Canadian box-office stats — October 21

Here are the figures for the past weekend, arranged from those that owe the highest percentage of their take to the Canadian box office to those that owe the lowest.

Across the Universe — CDN $2,390,000 — N.AM $16,767,000 — 14.3%
Elizabeth: The Golden Age — CDN $1,390,000 — N.AM $11,213,000 — 12.4%
Rendition — CDN $470,993 — N.AM $4,175,000 — 11.3%
We Own the Night — CDN $2,190,000 — N.AM $19,784,000 — 11.1%

The Heartbreak Kid — CDN $3,160,000 — N.AM $32,111,000 — 9.8%
Michael Clayton — CDN $1,730,000 — N.AM $21,986,000 — 7.9%
30 Days of Night — CDN $1,230,000 — N.AM $16,000,000 — 7.7%
The Game Plan — CDN $4,750,000 — N.AM $69,150,000 — 6.9%
Gone Baby Gone — CDN $382,113 — N.AM $6,000,000 — 6.4%
The Comebacks — CDN $343,567 — N.AM $5,850,000 — 5.9%

A couple of discrepancies: Elizabeth: The Golden Age and Across the Universe were #7 and #10 on the Canadian chart, respectively (they were #11 and #12 in North America as a whole), while Tyler Perry’s Why Did I Get Married? and Tim Burton’s The Nightmare Before Christmas in Disney Digital 3-D were #2 and #8 on the North American chart, respectively.

Terry Mattingly on the next VeggieTales movie

I’ve been meaning to mention this ever since Chris at Movie Marketing Madness posted the trailers below back in July, but it kept slipping my mind. Anyway, following the mixed blessing that was Jonah: A VeggieTales Movie (2002; my review) — it bankrupted the producers, but it remains by far the top-grossing independent evangelical movie ever made — the owners of the VeggieTales franchise have decided to forge ahead with a follow-up called The Pirates Who Don’t Do Anything.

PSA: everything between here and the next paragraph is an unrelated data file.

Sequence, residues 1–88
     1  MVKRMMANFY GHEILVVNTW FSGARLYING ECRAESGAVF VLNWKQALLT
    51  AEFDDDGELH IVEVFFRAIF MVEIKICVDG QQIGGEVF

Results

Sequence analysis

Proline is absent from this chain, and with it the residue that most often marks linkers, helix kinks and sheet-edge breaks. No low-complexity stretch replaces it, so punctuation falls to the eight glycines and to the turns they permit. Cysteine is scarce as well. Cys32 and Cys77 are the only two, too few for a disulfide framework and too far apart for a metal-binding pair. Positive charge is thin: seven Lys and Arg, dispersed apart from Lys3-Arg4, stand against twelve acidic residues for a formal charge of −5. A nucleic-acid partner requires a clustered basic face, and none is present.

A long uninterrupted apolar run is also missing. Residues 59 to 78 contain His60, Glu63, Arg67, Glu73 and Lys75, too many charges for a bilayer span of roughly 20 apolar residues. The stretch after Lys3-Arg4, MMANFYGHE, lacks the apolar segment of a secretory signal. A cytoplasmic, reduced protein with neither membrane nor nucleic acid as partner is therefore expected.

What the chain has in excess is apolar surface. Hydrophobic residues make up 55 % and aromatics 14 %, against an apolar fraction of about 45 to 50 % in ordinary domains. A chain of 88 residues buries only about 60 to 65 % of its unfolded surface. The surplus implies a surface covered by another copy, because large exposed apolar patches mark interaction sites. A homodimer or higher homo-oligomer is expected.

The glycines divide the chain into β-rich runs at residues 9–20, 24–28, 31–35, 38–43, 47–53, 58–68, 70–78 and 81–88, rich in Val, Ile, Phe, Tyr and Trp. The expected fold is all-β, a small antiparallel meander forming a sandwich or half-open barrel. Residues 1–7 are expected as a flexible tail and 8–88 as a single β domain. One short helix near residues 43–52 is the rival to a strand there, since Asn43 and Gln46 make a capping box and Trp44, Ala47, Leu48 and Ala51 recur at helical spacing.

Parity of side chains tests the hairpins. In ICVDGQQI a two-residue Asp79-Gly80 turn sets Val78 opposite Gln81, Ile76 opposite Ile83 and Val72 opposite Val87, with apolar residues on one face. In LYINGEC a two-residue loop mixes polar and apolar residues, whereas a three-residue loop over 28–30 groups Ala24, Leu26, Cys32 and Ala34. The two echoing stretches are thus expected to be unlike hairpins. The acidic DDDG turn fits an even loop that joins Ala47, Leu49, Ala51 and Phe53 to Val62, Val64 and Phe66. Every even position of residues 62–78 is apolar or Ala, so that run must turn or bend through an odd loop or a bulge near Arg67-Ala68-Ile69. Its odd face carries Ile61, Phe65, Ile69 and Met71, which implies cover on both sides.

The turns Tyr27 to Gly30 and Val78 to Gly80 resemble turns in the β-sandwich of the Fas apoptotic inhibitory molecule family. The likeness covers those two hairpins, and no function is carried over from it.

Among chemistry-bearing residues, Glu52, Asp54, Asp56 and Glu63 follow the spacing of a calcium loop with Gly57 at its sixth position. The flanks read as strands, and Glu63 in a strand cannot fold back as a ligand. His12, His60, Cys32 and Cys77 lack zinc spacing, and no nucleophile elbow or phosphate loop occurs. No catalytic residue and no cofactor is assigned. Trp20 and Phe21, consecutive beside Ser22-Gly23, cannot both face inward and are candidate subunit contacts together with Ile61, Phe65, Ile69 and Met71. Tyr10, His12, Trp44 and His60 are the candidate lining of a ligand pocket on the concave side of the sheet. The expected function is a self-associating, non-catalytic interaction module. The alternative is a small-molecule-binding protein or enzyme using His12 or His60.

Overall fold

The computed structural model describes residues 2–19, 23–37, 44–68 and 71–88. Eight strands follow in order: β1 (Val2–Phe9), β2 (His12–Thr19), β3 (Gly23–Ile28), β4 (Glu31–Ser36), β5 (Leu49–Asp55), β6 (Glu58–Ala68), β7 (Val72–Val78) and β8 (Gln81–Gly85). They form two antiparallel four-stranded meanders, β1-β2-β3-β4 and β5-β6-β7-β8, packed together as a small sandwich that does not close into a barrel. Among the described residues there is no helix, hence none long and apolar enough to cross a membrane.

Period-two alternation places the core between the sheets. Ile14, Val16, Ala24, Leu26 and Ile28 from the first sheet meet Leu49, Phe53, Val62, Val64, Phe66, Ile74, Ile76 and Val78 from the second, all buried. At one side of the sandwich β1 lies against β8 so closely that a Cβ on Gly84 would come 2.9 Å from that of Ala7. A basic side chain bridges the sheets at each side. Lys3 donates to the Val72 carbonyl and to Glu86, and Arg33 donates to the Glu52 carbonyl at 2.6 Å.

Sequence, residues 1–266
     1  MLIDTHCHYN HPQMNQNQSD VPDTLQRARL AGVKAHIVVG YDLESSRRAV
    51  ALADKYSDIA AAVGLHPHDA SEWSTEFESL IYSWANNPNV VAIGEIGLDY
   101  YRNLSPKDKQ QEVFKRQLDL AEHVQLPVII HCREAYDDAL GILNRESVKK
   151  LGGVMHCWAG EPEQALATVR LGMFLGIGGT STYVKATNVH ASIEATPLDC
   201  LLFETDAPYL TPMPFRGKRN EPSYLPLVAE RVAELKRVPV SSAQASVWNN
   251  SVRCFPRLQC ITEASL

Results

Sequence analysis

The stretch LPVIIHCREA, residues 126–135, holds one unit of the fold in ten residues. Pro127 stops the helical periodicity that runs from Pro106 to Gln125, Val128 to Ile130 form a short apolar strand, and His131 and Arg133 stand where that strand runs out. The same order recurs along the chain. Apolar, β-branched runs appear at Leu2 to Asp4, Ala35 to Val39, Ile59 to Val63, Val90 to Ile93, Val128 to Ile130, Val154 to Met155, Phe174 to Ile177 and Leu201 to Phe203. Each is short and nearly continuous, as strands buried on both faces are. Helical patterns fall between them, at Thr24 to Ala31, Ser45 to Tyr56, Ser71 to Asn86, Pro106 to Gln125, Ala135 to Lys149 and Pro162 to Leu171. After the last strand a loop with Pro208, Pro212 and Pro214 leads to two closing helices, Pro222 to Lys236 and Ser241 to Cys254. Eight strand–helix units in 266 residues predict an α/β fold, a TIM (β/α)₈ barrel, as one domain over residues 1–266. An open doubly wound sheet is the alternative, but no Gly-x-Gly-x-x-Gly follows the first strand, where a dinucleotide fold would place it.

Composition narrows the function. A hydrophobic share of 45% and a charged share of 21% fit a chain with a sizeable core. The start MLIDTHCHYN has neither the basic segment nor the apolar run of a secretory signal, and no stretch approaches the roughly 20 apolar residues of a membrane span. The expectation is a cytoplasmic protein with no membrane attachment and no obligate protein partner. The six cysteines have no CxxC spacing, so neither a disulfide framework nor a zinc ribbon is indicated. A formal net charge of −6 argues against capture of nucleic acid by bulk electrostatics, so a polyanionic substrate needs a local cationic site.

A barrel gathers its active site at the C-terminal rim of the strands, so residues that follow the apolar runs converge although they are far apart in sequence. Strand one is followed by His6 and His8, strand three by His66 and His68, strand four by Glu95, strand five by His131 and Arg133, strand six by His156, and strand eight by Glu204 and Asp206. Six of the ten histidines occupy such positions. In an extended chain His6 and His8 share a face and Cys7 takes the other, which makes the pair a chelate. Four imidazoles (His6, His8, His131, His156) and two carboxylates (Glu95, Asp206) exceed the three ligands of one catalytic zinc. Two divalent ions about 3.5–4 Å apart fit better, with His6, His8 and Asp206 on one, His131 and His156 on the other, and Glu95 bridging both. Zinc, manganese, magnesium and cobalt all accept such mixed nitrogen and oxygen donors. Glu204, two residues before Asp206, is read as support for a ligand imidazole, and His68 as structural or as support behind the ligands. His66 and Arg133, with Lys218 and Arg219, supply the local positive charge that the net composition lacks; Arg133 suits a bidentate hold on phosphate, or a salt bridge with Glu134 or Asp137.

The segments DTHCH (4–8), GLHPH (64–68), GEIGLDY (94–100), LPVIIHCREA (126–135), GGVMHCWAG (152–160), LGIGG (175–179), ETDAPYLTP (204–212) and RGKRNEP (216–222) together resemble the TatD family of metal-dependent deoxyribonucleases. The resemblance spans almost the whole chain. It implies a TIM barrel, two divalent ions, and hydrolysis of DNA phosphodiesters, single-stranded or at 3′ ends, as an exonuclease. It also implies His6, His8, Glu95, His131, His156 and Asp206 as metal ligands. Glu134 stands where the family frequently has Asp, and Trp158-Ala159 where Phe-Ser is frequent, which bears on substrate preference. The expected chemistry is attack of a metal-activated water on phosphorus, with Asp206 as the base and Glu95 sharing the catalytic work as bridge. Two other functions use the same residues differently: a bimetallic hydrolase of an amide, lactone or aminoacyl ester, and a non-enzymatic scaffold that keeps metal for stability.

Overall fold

The film doesn’t come out until January, but Terry Mattingly has devoted his newest column to the movie and its makers:

This time around, the vegetables don’t quote scripture and their adventure doesn’t turn into a funny version of a Bible story. Still, the artist also known as Bob the Tomato stressed that Veggie fans don’t have to worry that these pirates have abandoned the faith.

“You can do a story like this one of two ways,” said Phil Vischer, who created Big Idea, Inc., and continues to work as a writer and performer for the company.

“You can say, ‘Let’s start with a Bible story and then we’ll figure out where our characters fit into it.’ When you do this, you know that you already have a story and some characters and there is a biblical message in there. The challenge is figuring out how to make it VeggieTales story. You have to find the humor.” . . .

If the first approach to telling stories starts with the Bible and then blends in humor, the second begins with a funny story and then tries to blend in some faith. That’s what happened in 2003 when Vischer had his rowboat vision and wrote the script for “The Pirates Who Don’t Do Anything.”

“You can do it either way. This time, we just started out with the slacker pirates and we went from there,” he said. “When you go this route, someone always has to ask, ‘So what’s the lesson here?’ I usually have to say, ‘I don’t know right now, but we’ll dig around until we find one.’ “

So the new movie’s message is biblical, even if it doesn’t openly quote the Bible. . . .

My kids will be one month shy of their second birthday when this film comes out. I wonder if they will be ready to see it by then?

The theatrical trailer: